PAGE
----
Meadow / Gauley (WV)

Location: West Virginia, USA
Length: 40 miles
Permitted: No
Days: 2
Class: V
Craft: kayak, canoe, inflatable
Season: late fall-early spring; rainfall year-round
Gauge: Meadow @ Nallen, Gauley @ Summersville
Map: click here

The Meadow River and the Gauley are both ultra-classic runs with a long history of river-running, but most people don’t think to do a multi-day trip linking up 40 miles of whitewater.


It’s West by-god Virginia, no one cares what you do. As always, use a groover or dig deep cat-holes away from water sources and leave your camp as you found it (or cleaner).

Gorgeous walls on the Lower Gauley. Photo Jeff Macklin.
Gorgeous walls on the Lower Gauley. Photo Jeff Macklin.

Shuttle & Logistics

The logistics for the Meadow/Gauley overnighter are fairly straightforward. Drop a car in the town of Swiss at the takeout for the Lower Gauley. Take highway 60 through Hico to Russellville. A West Virginia Gazetteer or (better yet) a local paddler will come in handy. The roads from Russellville to the put in for the Upper Meadow are poorly maintained, vague and hard to follow due to constant logging in the area. If all else fails, an alternate put in is available and easy to find in Charmco, WV, at the intersection of highways 20 and 60. This put in adds on 10-12 miles of flatwater. Four wheel drive with clearance is recommended for the put in at Burdette. The total drive from Swiss to Burdette is one hour if the road is in good condition.

A map of the recommended shuttle route. Google has different ideas if you just plug in start and finish; road quality around the put-in varies.
A map of the recommended shuttle route. Google has different ideas if you just plug in start and finish; road quality around the put-in varies.

Raft guides frequent the area during the rafting season and might be available to run shuttle for the right price. It would be worth more than a few dollars to avoid retrieving the put in car at the end of a long weekend of paddling.


Water levels are easy to gauge from the Meadow @ Nallen and Gauley below Summersville readings. 900cfs on the Meadow at Nallen is the minimum flow for an enjoyable experience on the Upper. The Middle and Lower Meadow require 680cfs. Expect big water and bigger fun on the Gauley when the Meadow is fluid. On our winter trip we had 1350cfs on the Meadow at Nallen and the Gauley was running 8000cfs (5700 out of Summersville dam plus the flow on the Meadow).

Unique geology on the Upper Meadow in West Virginia. Photo Jeff Macklin.
Unique geology on the Upper Meadow. Photo Jeff Macklin.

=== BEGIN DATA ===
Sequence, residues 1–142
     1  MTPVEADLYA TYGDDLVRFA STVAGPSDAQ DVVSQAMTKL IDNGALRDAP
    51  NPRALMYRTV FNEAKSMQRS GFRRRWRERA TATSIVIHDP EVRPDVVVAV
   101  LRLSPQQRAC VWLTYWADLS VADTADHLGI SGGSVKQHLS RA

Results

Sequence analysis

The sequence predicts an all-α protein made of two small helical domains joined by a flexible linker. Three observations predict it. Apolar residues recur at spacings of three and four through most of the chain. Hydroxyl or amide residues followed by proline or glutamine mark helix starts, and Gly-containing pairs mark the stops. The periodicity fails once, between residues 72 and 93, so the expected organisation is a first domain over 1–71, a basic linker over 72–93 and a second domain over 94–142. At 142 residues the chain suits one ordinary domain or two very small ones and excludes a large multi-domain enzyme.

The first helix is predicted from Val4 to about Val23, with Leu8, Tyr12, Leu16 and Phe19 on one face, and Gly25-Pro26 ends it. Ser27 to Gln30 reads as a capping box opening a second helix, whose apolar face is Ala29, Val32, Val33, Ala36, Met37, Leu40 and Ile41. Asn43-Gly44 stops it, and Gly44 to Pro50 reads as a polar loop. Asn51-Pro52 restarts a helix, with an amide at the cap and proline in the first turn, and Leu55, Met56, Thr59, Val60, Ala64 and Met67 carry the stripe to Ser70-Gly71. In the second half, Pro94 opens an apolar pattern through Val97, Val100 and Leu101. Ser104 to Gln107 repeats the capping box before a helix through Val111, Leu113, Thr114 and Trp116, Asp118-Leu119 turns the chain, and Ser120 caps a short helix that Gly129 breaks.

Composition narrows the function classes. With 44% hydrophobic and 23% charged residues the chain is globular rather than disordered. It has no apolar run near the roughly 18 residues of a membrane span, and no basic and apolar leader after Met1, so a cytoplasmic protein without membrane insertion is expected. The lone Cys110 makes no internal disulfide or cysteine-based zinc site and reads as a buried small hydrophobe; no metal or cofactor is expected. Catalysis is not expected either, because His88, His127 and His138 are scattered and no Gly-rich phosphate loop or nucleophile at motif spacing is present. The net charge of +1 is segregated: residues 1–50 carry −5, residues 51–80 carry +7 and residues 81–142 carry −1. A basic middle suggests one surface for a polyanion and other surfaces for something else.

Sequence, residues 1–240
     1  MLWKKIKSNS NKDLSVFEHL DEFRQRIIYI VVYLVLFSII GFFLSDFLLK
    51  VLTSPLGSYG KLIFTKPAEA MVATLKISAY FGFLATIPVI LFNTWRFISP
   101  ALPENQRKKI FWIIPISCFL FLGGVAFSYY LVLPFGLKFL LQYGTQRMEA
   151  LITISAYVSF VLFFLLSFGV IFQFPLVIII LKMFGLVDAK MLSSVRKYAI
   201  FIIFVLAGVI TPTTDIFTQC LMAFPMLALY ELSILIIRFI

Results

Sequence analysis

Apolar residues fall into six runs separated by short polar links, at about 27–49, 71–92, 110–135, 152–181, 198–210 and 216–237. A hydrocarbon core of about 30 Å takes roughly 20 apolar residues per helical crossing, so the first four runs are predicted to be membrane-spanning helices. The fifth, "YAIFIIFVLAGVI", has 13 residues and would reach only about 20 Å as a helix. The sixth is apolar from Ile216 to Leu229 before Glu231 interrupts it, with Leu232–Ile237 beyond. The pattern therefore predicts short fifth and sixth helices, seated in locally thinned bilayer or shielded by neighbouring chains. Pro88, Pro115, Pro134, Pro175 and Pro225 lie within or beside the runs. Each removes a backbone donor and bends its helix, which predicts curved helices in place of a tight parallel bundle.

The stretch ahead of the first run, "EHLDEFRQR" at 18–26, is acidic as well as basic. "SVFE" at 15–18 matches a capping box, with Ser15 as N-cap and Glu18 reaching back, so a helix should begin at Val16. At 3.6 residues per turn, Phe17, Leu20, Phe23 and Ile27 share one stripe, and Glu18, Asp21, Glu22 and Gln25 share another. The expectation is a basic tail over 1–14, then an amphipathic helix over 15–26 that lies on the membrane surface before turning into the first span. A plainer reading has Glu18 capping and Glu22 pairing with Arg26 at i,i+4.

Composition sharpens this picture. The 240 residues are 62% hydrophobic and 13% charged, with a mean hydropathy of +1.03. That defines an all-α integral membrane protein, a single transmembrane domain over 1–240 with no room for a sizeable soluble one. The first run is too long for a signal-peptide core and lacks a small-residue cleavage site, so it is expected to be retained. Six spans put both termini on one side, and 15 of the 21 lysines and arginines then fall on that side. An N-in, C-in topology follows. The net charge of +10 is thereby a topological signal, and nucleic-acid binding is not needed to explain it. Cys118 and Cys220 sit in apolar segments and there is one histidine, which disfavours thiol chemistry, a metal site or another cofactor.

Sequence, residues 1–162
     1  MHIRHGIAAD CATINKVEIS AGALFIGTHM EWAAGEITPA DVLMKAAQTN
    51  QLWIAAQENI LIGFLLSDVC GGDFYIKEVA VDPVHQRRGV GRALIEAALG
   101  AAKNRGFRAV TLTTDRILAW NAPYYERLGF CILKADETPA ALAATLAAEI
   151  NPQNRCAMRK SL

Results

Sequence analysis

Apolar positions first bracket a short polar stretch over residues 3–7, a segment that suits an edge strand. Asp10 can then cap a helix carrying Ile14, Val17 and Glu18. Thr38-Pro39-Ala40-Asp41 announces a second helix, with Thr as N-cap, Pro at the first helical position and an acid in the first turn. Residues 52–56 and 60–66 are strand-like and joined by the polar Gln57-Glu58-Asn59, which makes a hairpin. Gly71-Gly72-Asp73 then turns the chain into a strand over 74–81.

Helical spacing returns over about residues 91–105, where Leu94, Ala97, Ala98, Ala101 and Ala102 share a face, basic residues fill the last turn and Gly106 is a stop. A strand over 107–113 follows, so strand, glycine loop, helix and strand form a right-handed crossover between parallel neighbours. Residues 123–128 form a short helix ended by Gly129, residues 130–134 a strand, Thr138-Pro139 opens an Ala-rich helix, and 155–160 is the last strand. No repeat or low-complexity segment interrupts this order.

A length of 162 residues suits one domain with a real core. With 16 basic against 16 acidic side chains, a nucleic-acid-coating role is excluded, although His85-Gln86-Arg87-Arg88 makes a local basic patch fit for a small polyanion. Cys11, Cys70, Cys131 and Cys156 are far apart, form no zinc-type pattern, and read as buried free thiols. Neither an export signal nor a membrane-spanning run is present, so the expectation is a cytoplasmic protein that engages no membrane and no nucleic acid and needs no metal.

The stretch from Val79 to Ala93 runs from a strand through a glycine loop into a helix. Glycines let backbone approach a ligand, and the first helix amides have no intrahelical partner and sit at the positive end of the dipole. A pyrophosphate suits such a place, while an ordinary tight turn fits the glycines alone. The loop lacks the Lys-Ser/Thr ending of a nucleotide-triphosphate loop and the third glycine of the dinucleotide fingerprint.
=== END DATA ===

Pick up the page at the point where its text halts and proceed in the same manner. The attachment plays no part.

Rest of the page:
On the Water

The entire 40 mile trip has been done by ambitious groups in one long day, but it is a legitimate one night, two day adventure. The Upper Meadow is full of high quality, continuous class III and IV. It has a creeky feel, similar to the Watauga in North Carolina. Several miles of fast moving flat water separate the Upper and Middle Meadow. The Middle develops a bigger river feel, and features the giant breadloaf rocks that West Virginia is known for. The whitewater on the Upper and Middle is boat scoutable by the class V boater, which you will definitely want to be once you float under the highway 19 bridge. This is the put in for the infamous Lower Meadow.

The first half mile of the Lower Meadow is dark, intense and dangerous. The first set of rapids-Rites of Passage, Hell’s Gates, Brink of Disaster and Coming Home Sweet Jesus make this trip a true class V-V+ overnighter.

Plan on six to eight hours to get below the last big drop on the Lower, Double Undercut. Winter trippers will be grateful for the ample bony driftwood piled up on sandy beaches near the confluence of the Meadow and Gauley.

If sunrise finds a motivated crew there is an option to hike unloaded boats three miles up an old railroad grade on river left to the top of Brink of Disaster. If your adrenal glands are depleted just load up and head downstream into 20 miles of big water on the Gauley. Groups that are competent running the Lower Meadow at high water will find the Gauley routable down the middle.

Camping near the confluence of the Meadow and the Gauley Rivers in West Virginia.
Camping near the confluence of the Meadow and the Gauley. Photo Bill Blauvelt.

If shuttle was arranged all that is left to do is stop in Fayetteville for Pies N Pints for a celebratory beer. The pizza is delicious and they have the best wings south of Buffalo.


40 Mile Day from Stewart Caldwell on Vimeo.

This article was contributed to by Adam Herzog, with special thanks to Stewart Caldwell. Photos contributed by Bill Blauvelt and Jeff Macklin.

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